Monitor the progress
First make sure the charging session actually started; it’s very frustrating to find out after thirty minutes that nothing happened. Then keep an eye on the progress during charging, for example via your car's app. Sometimes it goes faster than you think. Done charging? Move your car so someone else can use the charger.
During holiday periods when many people are on the road simultaneously, it can be very beneficial to plan your travel schedule in a way that allows you to avoid the busiest and most congested times on the road.
Most people tend to drive on Saturdays and as a result, there are many traffic jams and the chance of crowds at the charging stations is high. By not driving at the weekend but, for example, leaving on Thursday and making one or two extra overnight stops, your journey will be more comfortable. You can also choose to stop earlier at a charging station than you need to, this makes you more flexible.
Enjoy the ride
You can see charging as a necessary evil or as an opportunity to take a break and enjoy the surroundings. Having your kids kick a ball around or play a game to let them burn off some energy, can do wonders for the mood on the backseat of the car. With a little planning and imagination, the charging breaks can be turned into an outing.
The faster or more unevenly you drive, the faster you drain the battery. During longer journeys you can save a lot of charging time by driving as smoothly as possible. The best way to do this is by turning on the cruise control. Driving an EV also means a quieter, more comfortable and enjoyable journey. Why race past landmarks and scenic beauty when you're in the perfect car to really enjoy it?
Whether you’re driving an EV, a hybrid or an ICE vehicle, many destinations will require for you to drive across toll roads. Before your trip, research the toll road system in the countries you'll be traveling through. Understand the locations of toll roads, the toll collection methods used (e.g., cash, electronic tolling), and the associated costs. This information will help you plan your route and budget accordingly. And, if you’re driving an EV, make sure to check if there are working chargers on these roads and otherwise be sure to charge before you pass the toll booth.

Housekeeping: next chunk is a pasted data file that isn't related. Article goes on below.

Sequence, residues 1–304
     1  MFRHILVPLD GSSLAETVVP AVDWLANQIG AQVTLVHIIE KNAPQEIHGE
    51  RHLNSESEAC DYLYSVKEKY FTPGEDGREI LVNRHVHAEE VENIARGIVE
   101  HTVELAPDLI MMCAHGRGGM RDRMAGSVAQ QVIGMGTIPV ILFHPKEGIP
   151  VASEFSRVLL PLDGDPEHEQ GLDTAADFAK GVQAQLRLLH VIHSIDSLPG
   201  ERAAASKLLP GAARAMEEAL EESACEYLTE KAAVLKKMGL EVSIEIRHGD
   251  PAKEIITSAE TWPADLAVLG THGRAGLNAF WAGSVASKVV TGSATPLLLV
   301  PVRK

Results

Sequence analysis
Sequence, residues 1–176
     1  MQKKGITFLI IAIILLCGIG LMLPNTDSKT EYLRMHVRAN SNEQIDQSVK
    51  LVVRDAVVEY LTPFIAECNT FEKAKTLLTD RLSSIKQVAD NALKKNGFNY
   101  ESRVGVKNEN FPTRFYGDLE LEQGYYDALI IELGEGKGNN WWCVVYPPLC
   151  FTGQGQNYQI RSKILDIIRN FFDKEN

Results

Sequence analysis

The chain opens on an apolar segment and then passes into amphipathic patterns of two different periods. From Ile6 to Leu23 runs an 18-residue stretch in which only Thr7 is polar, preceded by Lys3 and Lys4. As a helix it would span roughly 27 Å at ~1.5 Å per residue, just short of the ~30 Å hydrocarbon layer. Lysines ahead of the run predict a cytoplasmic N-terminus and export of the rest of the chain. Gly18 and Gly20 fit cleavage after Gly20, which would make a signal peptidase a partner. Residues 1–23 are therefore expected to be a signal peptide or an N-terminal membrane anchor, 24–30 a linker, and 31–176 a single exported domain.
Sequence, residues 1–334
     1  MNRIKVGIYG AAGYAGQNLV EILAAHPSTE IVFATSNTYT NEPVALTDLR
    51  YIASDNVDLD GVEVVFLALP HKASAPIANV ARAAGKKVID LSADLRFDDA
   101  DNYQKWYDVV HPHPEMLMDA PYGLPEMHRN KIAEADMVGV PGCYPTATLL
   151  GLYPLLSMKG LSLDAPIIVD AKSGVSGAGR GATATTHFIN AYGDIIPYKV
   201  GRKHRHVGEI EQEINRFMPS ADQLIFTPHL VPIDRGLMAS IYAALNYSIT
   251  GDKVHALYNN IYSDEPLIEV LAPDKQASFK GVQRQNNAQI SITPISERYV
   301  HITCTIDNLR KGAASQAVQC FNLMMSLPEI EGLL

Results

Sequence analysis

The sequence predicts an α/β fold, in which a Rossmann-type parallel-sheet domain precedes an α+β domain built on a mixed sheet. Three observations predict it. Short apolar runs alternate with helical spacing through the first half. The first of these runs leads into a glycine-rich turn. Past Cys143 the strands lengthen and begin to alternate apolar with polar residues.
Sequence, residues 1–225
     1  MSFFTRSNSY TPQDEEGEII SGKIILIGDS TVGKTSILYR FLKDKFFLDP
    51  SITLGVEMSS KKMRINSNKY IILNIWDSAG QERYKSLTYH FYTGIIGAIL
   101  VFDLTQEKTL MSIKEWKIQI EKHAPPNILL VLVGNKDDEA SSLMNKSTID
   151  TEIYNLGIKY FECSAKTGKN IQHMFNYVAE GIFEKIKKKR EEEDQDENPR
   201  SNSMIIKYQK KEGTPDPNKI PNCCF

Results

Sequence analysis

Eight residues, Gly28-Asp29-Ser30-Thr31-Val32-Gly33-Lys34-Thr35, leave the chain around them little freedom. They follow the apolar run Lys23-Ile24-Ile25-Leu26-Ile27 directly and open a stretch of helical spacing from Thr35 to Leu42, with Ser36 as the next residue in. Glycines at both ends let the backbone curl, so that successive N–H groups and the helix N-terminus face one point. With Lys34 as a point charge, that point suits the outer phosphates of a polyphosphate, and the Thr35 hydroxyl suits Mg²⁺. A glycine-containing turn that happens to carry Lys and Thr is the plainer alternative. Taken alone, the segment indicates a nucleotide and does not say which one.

France has an extensive toll road network known as Autoroutes. Autostrade, the Italian toll road network, covers a significant portion of the country and connects major cities and regions. The Spanish toll road network is particularly prominent in regions such as Catalonia, Andalusia, and Valencia. Portugal has toll roads that are primarily located on major highways, connecting different regions and cities within the country. Greece has toll roads on major highways, particularly around Athens and Thessaloniki, as well as in some other regions of the country. Ireland has a few toll roads, including the M50 motorway in Dublin, where toll charges apply, and the UK has several toll roads and bridges, including the Dartford Crossing near London and the Severn Bridge crossing between England and Wales.
Toll vignettes, also called toll stickers or highway vignettes, are permits required for driving on certain highways or motorways in many countries. In some countries, instead of toll booths, you need to purchase and display a vignette on your windshield to access the toll roads
Austria has a vignette system for all motor vehicles using the Austrian motorway and expressway network. Switzerland has a vignette system similar to Austria. All vehicles traveling on Swiss highways are required to display a vignette, which can be purchased at border crossings, post offices, and petrol stations.
Plan for busy periods
Toll roads can experience heavy traffic during peak travel periods, such as holidays or weekends. Consider this factor when planning your travel itinerary to minimize delays and congestion.